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Re: Concrete Mix Design Variations

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Concrete Construction magazine (www.worldofconcrete.com) used to publish a poster that showed the effects of the addition of one gallon of water to a yard of concrete. Negative factors included shrinkage, permeability, strength decline, decreased durability and so on. You can still purchase the poster from their owners, Handley-Wood.

There is a big move afoot in the National Ready Mixed Concrete Assn. to try to switch the concrete industry from prescriptive specifications to performance specifications. There are advantages and disadvantages to both methods.

There are problems on both sides of the fence - both design and construction. You cite the problem with the construction side, but there is an engineering problem as well.

You are in Phoenix. I don't know first hand, but if Phoenix is like other places I have been in the U.S., there are engineers specifying a .35 water/cement ratio, sometimes with straight cement, for concrete cast in the summer. They then wonder why their concrete is cracking, since a lower water/cement ratio is supposed to be more durable than a higher water/cement ratio.

In this case, the problem is that the engineers have forgotten that, while low w/c concrete has less drying shrinkage, the higher cement factors result in more heat of hydration and a higher initial thermal expansion. The result is thermal shrinkage cracks.

I have seen all sides of the concrete process, from designers who don't understand the material they specify, to concrete producers who admit to lying about what they put in their concrete, to contractors who "give the concrete a drink" when the lab isn't looking, to laboratories who don't have the foggiest notion about the right way to run the tests they are hired to perform. And don't forget owners who want the Taj Mahal for the price of an outhouse.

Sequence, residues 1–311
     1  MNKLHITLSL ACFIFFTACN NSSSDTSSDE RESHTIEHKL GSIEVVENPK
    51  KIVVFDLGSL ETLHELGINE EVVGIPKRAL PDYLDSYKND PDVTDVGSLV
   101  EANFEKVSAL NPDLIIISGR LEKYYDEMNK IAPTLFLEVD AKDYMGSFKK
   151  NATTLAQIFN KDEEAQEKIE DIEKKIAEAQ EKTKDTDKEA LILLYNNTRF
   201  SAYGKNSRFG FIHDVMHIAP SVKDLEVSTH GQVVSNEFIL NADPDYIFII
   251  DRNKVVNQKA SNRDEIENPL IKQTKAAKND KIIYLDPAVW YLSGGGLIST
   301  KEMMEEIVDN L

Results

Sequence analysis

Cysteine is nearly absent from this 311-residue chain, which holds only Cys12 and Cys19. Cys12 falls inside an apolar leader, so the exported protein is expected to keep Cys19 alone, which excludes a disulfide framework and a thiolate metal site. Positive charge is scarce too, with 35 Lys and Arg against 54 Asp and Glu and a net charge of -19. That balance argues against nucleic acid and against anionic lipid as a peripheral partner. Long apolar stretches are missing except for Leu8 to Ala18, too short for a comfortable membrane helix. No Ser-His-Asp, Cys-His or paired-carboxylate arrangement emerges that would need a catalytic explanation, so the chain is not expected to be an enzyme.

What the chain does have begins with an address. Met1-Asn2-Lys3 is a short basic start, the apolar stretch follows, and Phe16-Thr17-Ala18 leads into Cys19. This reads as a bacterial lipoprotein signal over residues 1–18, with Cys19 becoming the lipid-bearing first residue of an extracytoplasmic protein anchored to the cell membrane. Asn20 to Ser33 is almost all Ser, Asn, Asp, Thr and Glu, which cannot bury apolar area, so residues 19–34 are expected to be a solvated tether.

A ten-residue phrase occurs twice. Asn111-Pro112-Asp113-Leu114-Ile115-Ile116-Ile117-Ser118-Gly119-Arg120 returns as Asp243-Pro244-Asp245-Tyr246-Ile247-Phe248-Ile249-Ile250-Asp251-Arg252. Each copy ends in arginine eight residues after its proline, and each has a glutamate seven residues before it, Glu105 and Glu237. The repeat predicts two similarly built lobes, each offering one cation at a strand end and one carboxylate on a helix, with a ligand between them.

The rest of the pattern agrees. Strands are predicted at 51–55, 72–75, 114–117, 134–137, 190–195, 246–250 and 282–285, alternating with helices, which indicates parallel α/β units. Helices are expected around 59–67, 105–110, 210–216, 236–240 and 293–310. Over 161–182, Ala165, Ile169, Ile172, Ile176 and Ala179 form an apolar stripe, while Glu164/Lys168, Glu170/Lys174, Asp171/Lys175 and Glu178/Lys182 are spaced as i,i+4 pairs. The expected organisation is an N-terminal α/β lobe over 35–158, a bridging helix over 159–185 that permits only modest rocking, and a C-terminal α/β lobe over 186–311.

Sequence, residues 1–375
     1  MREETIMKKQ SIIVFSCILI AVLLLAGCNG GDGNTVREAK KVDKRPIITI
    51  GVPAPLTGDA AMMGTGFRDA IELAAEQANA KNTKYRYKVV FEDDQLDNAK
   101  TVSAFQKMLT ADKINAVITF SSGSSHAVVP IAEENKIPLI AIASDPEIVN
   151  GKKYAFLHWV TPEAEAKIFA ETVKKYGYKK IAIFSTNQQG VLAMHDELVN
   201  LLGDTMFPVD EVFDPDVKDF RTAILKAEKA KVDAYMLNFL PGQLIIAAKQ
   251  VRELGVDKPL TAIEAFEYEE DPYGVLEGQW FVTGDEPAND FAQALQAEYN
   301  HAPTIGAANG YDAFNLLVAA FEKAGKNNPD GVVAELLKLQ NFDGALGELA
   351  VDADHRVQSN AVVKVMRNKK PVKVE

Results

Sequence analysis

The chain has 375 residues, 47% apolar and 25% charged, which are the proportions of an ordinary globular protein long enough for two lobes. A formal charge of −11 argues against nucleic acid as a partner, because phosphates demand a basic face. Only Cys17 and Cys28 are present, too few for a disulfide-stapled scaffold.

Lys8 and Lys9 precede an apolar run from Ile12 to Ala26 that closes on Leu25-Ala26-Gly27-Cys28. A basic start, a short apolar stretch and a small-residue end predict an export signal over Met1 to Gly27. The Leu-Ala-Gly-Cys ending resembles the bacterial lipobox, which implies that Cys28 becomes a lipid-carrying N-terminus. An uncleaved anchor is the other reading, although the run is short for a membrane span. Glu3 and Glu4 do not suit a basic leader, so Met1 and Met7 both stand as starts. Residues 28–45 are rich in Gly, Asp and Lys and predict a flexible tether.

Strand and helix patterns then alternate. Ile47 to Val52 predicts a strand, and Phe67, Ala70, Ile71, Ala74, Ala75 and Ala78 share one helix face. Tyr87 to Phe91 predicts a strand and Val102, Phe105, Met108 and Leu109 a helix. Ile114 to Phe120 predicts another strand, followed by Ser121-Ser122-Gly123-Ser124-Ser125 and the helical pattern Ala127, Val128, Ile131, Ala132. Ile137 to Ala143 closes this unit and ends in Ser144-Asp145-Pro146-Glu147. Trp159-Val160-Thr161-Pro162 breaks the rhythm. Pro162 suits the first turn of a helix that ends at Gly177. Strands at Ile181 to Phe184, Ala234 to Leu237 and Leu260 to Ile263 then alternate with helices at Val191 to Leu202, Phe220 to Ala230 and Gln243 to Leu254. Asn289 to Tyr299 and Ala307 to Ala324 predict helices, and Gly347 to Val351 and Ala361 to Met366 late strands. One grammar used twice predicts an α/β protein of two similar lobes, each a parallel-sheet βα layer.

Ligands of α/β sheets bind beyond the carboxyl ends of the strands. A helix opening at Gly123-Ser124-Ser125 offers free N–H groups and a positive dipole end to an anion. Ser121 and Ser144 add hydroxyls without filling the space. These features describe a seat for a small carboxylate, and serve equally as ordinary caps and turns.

There are two keys to the solution - education and accountability. If we are not willing to make the effort and pay for both, we will continue to get what we are getting right now.

Stepping off that soap-box and looking at your situation, here are a few questions:

Did you specify just strength, or did you specify w/c (or w/(c+p)), shrinkage, permeability, maximum water content, slump, air, unit weight or anything else?

Are you experiencing cracking, dusting or any other substandard condition?

How do you know the w/c ratios as delivered are varying?

Have you tried to correlate w/c to strength or other characteristics?

Why is there a 90 degree limit on concrete temperature in Phoenix during the summer? My father successfully worked with 110 degree concrete in Saudi Arabia.

Jay Shilstone

At 04:59 PM 8/20/2004, you wrote:
I have a concrete supplier that is less than accurate
when batching ready mix products.  The concrete
suppliers water-cement ratios vary considerably and he
loves to add water (beyond the ASTM tolerances) to
achieve his desired slump.  When non-conformances are
issued for the mix and the contractor goes ahead and
places the concrete at his own risk, the usual
performance measurement of 28 day strength is the
governing factor.

Any thoughts on what other critical characteristics
are effected by higher water cement ratios.  I keep
discussing shrinkage cracks and perhaps other
durability issues but am trying to collect other
opinions.

The subject building is a cast in place concrete
structure in the Phoenix, Arizona area (hot weather,
mixes approaching the 90 deg. temperature limit when
delivered).

Appreciate your thoughts.

Paul Blomberg
Phoenix, AZ



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